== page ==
… difficulties in accessing deceased persons' data have a chilling effect on various research enterprises such as epidemiological studies
Going beyond regulations at the national level, we are in the midst of a harmonization process as the European Union prepares for the implementation of the General Data Protection Regulation. According to a recent editorial , while politicians do their best to protect individual's privacy rights in a digital world, such pan‐European rules could become a burden for medical research.
The German National Cohort [GNC]  provides a good example to illustrate how our proposal of “data donation” could address possible problems for research associated with “data overprotec‐tion” (http://www.wellcome.ac.uk/stellent/groups/corporatesite/@msh_grants/documents/web_document/wtp053205.pdf; accessed 30 October 2015). Scientists from the Helmholtz Association, the Leibniz Association, German universities and other research institutes intend to explore the causes of major chronic diseases and to understand their pre‐clinical stages and functional health impairments. A total of 100,000 women and 100,000 men aged between 20 and 69 years old will provide a random sample of the general population across Germany. Baseline assessments will include interviews and questionnaires, extensive medical examinations and the collection of diverse biomaterials. Random subgroups will undergo an intensified examination programme. All study participants will be re‐invited for reassessments after 4–5 years. Throughout the study, the scientists will collect data on chronic disease endpoints. The GNC is planned to last for 25–30 years and promises to yield a rich database for population‐based epidemiology in Germany. Its explicit purpose is to generate novel strategies and tools to detect, predict and prevent major chronic diseases. However, the above mentioned current data protection laws could prevent the use of key research data in Germany. Indeed, the German National Cohort has been generated as a research resource, which scientists can use exclusively for the specified purpose and within clearly defined rules . This treasure trove of data could be a highly valuable resource for studying individuals who may die during and after the planned decades‐long follow‐up.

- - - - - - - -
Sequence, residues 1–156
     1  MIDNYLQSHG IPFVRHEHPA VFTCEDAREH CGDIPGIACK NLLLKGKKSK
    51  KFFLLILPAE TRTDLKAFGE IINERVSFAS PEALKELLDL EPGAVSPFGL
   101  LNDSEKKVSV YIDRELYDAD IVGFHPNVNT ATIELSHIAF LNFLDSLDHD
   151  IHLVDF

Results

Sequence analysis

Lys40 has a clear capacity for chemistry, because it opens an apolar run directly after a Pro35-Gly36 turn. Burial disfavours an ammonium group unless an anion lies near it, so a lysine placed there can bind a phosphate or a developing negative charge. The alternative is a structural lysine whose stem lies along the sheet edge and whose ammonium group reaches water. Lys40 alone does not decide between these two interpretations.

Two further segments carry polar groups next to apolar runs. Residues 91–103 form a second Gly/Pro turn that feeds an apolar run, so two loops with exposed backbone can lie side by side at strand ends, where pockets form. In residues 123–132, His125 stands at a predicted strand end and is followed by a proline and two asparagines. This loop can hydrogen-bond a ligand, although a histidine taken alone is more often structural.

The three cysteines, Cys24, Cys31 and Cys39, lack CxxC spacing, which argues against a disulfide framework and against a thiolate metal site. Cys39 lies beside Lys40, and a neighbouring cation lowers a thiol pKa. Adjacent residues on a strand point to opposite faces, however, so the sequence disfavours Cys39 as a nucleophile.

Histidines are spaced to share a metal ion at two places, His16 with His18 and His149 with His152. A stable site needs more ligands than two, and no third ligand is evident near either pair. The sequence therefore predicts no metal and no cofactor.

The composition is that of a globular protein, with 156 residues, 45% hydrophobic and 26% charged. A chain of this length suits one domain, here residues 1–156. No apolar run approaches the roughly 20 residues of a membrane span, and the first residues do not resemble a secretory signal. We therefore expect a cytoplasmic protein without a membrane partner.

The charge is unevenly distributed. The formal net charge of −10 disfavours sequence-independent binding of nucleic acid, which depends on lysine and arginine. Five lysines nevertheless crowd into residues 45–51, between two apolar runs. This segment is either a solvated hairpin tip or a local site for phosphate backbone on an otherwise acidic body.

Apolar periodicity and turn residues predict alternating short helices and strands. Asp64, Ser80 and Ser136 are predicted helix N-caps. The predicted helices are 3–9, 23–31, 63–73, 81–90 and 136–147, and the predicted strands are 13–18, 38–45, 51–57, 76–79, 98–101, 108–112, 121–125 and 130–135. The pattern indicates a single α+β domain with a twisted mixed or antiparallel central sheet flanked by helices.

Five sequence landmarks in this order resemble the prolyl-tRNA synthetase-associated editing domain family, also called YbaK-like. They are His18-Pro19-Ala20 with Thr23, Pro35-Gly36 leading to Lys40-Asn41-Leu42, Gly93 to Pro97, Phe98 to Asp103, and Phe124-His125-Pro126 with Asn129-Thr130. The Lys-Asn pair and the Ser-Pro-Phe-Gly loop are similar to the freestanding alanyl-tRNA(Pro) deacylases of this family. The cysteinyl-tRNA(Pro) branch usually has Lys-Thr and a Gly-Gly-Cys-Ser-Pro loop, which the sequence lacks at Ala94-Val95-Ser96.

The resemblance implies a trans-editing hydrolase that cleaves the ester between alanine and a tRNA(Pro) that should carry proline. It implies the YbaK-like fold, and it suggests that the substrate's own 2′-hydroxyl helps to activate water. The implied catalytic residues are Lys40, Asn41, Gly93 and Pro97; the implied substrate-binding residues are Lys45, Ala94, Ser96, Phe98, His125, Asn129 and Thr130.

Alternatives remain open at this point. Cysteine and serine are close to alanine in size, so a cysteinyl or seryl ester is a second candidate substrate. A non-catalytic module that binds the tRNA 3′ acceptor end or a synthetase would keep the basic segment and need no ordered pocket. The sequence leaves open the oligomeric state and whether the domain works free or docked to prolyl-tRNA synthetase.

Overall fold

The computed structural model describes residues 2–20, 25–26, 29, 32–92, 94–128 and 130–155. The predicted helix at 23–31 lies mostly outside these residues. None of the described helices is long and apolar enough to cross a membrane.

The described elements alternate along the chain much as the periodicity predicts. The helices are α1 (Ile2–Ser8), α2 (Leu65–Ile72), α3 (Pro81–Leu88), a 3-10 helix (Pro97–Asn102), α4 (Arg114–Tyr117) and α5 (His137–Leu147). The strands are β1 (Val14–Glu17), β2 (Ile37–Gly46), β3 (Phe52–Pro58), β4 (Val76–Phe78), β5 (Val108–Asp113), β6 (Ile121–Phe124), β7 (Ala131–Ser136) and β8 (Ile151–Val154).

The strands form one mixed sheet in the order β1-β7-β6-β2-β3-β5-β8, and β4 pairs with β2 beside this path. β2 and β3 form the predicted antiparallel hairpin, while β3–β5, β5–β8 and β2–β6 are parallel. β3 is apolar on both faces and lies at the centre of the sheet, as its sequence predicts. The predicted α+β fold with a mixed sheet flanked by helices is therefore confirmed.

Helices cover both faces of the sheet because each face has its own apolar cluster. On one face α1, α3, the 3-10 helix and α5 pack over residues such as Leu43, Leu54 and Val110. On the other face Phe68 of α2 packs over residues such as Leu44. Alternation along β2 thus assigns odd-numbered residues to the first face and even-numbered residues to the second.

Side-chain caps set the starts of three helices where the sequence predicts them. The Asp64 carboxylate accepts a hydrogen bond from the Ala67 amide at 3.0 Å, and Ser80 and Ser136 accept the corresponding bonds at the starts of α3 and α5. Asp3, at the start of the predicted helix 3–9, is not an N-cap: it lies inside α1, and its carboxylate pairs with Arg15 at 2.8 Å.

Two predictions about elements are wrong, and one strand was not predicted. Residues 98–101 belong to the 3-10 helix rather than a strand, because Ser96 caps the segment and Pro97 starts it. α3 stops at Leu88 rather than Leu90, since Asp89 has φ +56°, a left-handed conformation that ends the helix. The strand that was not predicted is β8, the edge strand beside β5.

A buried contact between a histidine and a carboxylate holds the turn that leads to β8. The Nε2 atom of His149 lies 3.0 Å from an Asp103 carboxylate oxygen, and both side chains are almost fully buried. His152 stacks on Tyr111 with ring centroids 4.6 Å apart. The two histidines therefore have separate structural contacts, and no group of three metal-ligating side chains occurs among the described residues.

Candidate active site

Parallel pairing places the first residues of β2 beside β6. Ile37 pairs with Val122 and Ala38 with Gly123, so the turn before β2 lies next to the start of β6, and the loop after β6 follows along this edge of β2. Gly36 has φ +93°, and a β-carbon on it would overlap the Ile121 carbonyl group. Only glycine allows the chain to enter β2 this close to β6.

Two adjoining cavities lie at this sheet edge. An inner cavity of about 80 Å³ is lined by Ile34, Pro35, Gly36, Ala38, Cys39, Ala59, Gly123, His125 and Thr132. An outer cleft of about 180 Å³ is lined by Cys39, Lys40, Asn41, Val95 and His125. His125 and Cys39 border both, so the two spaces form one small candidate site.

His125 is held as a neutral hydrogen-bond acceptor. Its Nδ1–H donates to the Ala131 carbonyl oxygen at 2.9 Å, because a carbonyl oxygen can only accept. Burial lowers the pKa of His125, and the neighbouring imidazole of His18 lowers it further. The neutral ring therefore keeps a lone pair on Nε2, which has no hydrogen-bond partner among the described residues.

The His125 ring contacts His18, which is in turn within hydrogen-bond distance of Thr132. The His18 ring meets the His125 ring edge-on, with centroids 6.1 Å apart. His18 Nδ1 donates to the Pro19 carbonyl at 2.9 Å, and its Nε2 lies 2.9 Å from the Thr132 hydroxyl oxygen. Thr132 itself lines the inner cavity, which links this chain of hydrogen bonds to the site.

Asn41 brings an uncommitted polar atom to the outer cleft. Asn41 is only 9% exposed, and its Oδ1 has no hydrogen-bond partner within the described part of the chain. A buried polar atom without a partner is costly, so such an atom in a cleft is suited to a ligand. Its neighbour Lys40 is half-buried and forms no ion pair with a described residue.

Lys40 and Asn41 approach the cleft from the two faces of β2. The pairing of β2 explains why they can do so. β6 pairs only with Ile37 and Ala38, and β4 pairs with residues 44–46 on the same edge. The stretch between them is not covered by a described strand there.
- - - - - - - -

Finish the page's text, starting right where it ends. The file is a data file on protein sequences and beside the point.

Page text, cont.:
Let us assume the following scenario as an example of research that could benefit from the GNC data, including data from deceased persons. Shift work that involves circadian disruption has been classified by the International Agency for Research on Cancer [IARC] as a probable cancer risk for humans , . The GNC could provide data to pursue associations between various facets of shift work, chronobiology in humans or impaired sleep and chronic processes such as cancer development or premature ageing . This could be used to identify individuals with differential susceptibility to inform them about individual risks.
However, unless individuals know what the research questions are and consent to them while alive, the data could end up in a grave together with the deceased. Obviously, not all research questions are evident today, and new questions may only come up during or even after the envisaged follow‐up period. Unless study individuals have provided informed consent to using their data and stored specimens in a specific way before they die, this could put a stop to using these rich and expensive data during the planned duration of the GNC. According to the GNC website (http://nationale-kohorte.de/allgemeines/basisinformationen-zur-nako/), informed consent to participation is valid for 5 years and extends automatically for another 5 years and beyond death unless the participant opts out. However, access to health data, reporting data and secondary data from medical files and registries requires individuals to provide active re‐consent every 5 years (http://nationale-kohorte.de/allgemeines/basisinformationen-zur-nako/datenschutz-in-der-nako/). Further details of the mortality follow‐up are supposed to be developed together with the German federal data protection officer. Clearly, one objective must be to reconcile the apparent contradiction between broad consent and requiring individual consent every 5 years to access a host of important data. More importantly, though, patients' consent to “data donation after death” could enable researchers to conduct studies like this much more easily than is possible under the current regulatory regime.